"Research is formalized curiosity. It is poking and prying with a purpose."My guest today, M. C. V. Egan, is the author of the book The Bridge of Deaths, which is a blend of fact and fiction, based on a real mystery. Published in 2011, the book centers around a 1939 plane crash which took the lives of five people, including the author's grandfather, told from the perspective of a modern day couple in London researching their past lives.
~Nora Zeale Hurston
Originally from Mexico City, M. C. V. Egan is the chosen pen name for Maria Catalina Egan. She's fluent in Spanish, French, Swedish, and English, and has also lived in various parts of the U.S., France, and Sweden. The author's initials form the Roman numeral 1105, but her friends call her Catalina. She said she finds inspiration for her writing (and probably other creative pursuits as well) everywhere. Very recently, Catalina was inspired to write this post by Kathy Leonard Czepiel's guest post, The Perspiration of Writing.
The Question: A Guest Post by M. C. V. Egan
I recently attended an event for the South Florida Writer’s Network. All attendees were writers with a few spouses in supportive tow. I was surprised in such company to encounter yet again ‘the’ question I have heard from almost everyone familiar with The Bridge of Deaths.
"How did you find the patience, persistence or determination to research for almost two decades?”
This time the question came from a man in his forties who explained that he began to research something as complicated to put together as the story of the 1939 plane crash of the G-AESY. I listened to his story and the description of incomplete files and contradictory evidence sounded very familiar.
He smiled and said, “I devoted about four years to the story and then realized that it would take at least ten more to put it all together and just walked away. How did you manage to stick it out?”
My mouth was full of food so my husband answered, “She did try to walk away, but the story sort of followed her.”
The finished product has now become such an inherent part of my life that at some level I forget how hard I fought and tried to escape the story. I stored safely away somewhere in my mind the curious manner in which the story always found its way back to the top of my desk.
I have come up with a clever answer or two as to how the story was so important even though I was never as obsessed as the Catalina in the book.
The truth is that the story crept itself back into my life in different ways. With perfect timing, always when I had a sort of soft spot ready to react and reopen the quest. Some moments were movie-like as if planned by a greater force, others more mundane, but impacted me just as much.
One such moment was on one of my parent’s visits from Mexico: house guests watching a documentary on PBS on the origins of WWII or The Munich Pact.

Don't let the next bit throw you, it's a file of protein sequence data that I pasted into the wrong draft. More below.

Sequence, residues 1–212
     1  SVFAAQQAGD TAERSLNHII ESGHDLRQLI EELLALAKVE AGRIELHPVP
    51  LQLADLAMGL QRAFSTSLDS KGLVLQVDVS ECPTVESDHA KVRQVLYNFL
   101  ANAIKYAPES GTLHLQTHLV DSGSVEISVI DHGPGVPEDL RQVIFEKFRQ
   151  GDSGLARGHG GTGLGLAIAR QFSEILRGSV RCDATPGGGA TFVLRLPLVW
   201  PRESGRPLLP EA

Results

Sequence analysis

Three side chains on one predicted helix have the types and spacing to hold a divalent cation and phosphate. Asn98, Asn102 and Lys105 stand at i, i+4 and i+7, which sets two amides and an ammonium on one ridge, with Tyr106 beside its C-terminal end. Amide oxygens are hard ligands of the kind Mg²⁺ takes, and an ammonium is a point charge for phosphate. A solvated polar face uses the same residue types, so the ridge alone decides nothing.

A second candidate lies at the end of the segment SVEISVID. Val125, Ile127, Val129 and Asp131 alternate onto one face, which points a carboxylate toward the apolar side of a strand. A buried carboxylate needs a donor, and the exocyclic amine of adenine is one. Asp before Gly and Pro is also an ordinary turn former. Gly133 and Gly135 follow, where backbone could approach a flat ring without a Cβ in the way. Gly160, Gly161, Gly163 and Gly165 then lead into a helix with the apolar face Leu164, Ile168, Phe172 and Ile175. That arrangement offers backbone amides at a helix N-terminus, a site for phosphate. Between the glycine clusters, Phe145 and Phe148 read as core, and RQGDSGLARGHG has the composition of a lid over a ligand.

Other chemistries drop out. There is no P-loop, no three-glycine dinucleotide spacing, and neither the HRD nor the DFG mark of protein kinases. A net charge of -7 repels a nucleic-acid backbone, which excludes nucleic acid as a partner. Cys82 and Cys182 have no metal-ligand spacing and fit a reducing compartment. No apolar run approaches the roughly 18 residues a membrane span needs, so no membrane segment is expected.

I entered their room to kiss them goodnight, smiling, absolutely absorbed in breast feeding my one and only baby. I was done with corpses and intrigues, I just wanted to learn how to sing lullabies, indulge in all the other sweet uplifting things that accompany a much desired and wanted baby.
Had I entered that room a minute earlier or a minute later the story would have stayed locked in the back of a closet--I entered that room at just the right moment.
I looked at the TV screen and there for the very first time I saw the Lockheed Electra G-AESY from British Airways LTD. Whole, flying right behind Prime Minister Neville Chamberlain, and there was no doubt but that I needed to dust off my research and plunge into it again.
On another occasion a good friend from Denmark was moving; to her surprise she discovered copies of Danish Newspapers from 1939 that she had neglected to send me years earlier. Again, the moment I saw the large over stuffed manila envelope in my mailbox I almost heard the propellers of the Lockheed Electra heading my way.
In retrospect, eighteen years does not feel like an enormous amount of time to spend on something that you develop strong feelings for. I think that strong forces nudge all of us from time to time; it is simply a matter of being receptive and responsive when we feel the nudge.
I finally finished chewing the enormous appetizer I had stuffed in my mouth and looked at the young writer and said, “It is a pity you gave up, especially today with so much information available online; perhaps you should give your story a second chance again." He smiled, shook his head no, and moved on to mingle.
Catalina, thank you very much for your wonderful guest post. 18 years of work on a book shows tremendous tenacity on your part! My stepmother-in-law, Patricia Ortlieb, devoted about ten years to research and write her book on the life of Eliza Tibets, Creating an Orange Utopia, after she discovered that she was the great-great grandaughter of this pioneer. I'm certain that the time and dedication you put into the research and writing of your book were very worthwhile, and I look forward to reading The Bridge of Deaths when my reviewing schedule becomes lighter. Thank you for being my guest, Catalina!
Reader comments welcomed.